FRONT RANGE – Heavy snow is already falling in the foothills and mountains of the Front Range, and a winter storm warning is in effect for much of the Denver area and northern Colorado through Friday afternoon.
Snow had already fallen across much of the Front Range both north and west of Denver Thursday morning.
Thursday is expected to be wet and slushy in Denver, as rain changes back over to snow late in the morning.
The Denver area is expected to receive between 2 and 6 inches of snow through Friday, as are the western parts of Arapahoe, Adams and Elbert counties.
Denver Public Works officials said Thursday afternoon they will have extra crews on duty through the night to respond to flooding complaints and help clear blocked inlets.
Due to rising water levels, parts of the Cherry Creek Trail were closed near 1st Avenue, according to officials.
VIEW | Current radar conditions
Douglas, Jefferson and Boulder counties could receive between 6 and 12 inches of snow, with higher levels coming as one gets closer to the foothills.
In the mountains, anywhere between 8 and 16 inches of snow is forecast, though the northern mountains could see up to 3 feet in some places.
Rocky Mountain National Park said it was expecting accumulations of up to 3 feet.
The National Weather Service is warning that snow could fall at rates of 1-2 inches per hour in some places.
The Red Cross opened an emergency shelter in Estes Park in case anyone traveling in the area is in need of a warm, safe place from the dropping temperatures. The shelter is located at Presbyterian Community Church, 1700 Brodie Avenue.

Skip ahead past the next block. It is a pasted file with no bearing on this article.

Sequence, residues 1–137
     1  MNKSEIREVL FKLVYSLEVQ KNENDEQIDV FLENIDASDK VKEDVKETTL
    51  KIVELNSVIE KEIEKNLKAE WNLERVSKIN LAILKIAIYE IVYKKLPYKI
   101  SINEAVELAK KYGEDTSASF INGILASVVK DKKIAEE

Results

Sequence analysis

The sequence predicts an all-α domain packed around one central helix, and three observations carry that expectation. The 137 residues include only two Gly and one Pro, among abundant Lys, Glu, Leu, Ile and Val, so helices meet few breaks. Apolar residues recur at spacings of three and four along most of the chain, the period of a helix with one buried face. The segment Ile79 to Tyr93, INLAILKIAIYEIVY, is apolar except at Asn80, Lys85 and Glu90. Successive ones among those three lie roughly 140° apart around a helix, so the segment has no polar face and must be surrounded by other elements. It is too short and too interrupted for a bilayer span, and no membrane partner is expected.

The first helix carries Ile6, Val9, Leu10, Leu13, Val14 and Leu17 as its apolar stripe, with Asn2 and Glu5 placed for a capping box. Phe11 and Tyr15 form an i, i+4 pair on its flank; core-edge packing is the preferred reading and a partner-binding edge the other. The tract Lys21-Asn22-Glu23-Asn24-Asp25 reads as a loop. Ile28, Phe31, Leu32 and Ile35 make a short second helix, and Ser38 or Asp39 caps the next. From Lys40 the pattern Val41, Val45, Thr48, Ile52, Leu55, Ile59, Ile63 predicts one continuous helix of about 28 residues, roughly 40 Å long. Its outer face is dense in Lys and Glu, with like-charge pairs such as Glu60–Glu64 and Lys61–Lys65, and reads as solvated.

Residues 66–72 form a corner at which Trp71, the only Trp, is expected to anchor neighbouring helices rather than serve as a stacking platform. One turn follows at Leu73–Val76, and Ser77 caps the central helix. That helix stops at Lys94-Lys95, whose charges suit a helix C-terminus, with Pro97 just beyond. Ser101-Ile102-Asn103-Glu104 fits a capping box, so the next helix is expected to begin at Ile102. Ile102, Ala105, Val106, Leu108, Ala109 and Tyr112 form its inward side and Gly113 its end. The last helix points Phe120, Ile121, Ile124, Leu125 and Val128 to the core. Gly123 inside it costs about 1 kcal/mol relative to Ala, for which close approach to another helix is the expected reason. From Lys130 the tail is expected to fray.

Officials with the Town of Estes Park announced Thursday evening offices will be closed Friday due to "deteriorating weather conditions."
The Colorado Avalanche Information Center issued a special avalanche advisory at noon Thursday, effective through 5 p.m. Friday, warning anyone traveling in the backcountry that avalanches will be likely over the next several days.
But some places could get even higher totals than forecast.
As of 10 a.m. Thursday, the storm had already dumped more than 8 inches in most locations across the mountains, with some places receiving close to 2 feet and more coming.
- Copper Mountain to Silverthorne 19"
- Breckenridge 15"
- Grand Mesa 15"
- Aspen area 8 to 10"
- Crested Butte area 6 to 8"
- North San Juan Mountains 8 to 17" with the highest totals in the Needle Mountains
- South San Juan Mountains 7 to 13" with the highest totals northwest of Wolf Creek Pass
- Rocky Mountain National Park 14"
- Berthoud, Vail, and Loveland Passes 12"
- Steamboat/Flat Tops 8-12"
Some areas of the Boulder County foothills had already received 26 inches of snow by 2 p.m. Thursday.
26 inches at 2pm, in the NW Boulder County Foothills. Wow! With plenty more to come pic.twitter.com/EVEbmfdFQz
— Cory Reppenhagen (@CRepp7News) May 18, 2017
Some power outages have been reported throughout the day as the heavy, wet snow takes out power lines -- particular in northwest Boulder County.
About 1,200 homes were without power in Red Feather Lakes, Livermore, Crystal Lakes, Bellvue, Masonville and surrounding areas, as well as in the foothills, according to Poudre Valley Rural Electrification Administration officials said Wednesday evening.
Homes around Longmont, Loveland and Wellington are also experiencing power outages.
Rolling traffic information